Rosh Hashannah

Rosh Hashannah is Hebrew for head of the year. Rosh is Hebrew for head, ha means the and shanah means year. Jewish New Year. The Biblical name for this holiday is Yom Teruah – day of shouting or blasting. This is the first of the Jewish High Holy Days that are in Autumn. In Jewish prayer books Rosh Hashannah is also known as Yom Hazikaron – the day of remembrance.
New year for people, animals and legal contracts. This is day for calculating calendar years.
Rosh Hashannah is a two day celebration that begins on the first day of Tishri – marking the start of the civil year and is the traditional anniversary of the creation of Adam and Eve – the creation of man.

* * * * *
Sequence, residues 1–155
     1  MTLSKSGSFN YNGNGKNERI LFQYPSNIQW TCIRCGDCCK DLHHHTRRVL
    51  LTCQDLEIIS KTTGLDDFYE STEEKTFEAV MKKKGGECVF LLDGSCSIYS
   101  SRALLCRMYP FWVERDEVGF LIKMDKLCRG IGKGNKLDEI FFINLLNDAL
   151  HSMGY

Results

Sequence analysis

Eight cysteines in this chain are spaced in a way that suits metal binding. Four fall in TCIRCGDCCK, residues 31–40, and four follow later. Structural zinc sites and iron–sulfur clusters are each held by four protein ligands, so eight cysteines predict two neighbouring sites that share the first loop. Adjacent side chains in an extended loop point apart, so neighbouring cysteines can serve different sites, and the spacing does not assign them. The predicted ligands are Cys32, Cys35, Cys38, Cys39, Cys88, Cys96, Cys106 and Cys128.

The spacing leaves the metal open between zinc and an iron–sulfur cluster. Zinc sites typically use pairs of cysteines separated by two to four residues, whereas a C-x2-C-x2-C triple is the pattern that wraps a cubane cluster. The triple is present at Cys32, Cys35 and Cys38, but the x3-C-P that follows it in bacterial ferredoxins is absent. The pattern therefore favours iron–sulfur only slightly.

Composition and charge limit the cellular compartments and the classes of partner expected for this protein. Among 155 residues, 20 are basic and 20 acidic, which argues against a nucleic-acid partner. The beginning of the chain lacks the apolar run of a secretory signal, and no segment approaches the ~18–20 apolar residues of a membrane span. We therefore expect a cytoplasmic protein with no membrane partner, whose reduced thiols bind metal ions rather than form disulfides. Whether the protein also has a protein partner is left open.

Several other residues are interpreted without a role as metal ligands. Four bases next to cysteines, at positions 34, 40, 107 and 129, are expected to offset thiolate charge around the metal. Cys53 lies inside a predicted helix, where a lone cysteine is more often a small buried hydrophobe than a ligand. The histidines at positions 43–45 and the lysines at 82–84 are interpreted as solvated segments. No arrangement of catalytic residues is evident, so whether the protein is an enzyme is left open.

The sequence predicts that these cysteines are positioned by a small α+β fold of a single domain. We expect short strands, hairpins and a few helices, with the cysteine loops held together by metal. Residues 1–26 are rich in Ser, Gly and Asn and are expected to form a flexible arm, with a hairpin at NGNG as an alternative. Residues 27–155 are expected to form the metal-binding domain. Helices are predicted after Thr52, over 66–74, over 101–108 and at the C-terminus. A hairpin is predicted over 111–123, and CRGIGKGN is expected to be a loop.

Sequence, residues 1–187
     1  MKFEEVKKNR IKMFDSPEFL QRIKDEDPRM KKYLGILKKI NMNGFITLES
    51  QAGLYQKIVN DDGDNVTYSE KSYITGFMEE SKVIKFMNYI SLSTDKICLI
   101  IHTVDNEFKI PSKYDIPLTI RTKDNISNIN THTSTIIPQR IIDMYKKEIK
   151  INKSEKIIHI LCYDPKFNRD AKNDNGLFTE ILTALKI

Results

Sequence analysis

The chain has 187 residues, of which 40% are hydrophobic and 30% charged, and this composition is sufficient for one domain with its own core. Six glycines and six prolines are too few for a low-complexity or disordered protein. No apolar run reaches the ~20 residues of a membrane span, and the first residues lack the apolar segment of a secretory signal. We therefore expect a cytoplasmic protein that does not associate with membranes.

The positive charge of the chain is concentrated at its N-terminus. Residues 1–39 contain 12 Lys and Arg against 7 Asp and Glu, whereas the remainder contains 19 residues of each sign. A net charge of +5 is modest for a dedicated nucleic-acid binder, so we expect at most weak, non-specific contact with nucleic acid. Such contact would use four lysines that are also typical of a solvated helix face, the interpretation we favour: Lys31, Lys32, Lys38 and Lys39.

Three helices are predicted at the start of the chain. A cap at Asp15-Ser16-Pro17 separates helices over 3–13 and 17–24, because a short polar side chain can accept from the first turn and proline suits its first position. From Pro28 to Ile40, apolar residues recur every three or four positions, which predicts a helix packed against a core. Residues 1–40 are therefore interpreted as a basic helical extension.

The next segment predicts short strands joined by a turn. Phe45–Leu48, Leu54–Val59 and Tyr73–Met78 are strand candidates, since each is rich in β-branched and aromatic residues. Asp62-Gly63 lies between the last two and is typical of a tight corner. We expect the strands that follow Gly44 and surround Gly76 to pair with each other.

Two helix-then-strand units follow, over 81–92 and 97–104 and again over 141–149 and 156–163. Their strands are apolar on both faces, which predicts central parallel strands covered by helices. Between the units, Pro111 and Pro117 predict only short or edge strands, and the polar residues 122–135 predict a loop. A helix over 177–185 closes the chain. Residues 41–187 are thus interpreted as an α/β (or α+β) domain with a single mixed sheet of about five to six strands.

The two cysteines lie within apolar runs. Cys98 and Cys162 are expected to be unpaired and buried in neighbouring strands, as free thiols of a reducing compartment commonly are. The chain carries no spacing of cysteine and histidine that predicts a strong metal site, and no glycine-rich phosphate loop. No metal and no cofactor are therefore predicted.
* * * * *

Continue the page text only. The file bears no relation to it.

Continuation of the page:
Customs of Rosh Hashannah include sounding of the shofar – a cleared out ram’s horn. It is prescribed in the Torah to raise a noise. Rabbinical customs include attending Synagogue services as well as reciting special liturgy about teshuva and enjoying festive meals. Symbolic food is eaten like apples dipped in honey – evoking a sweet new year.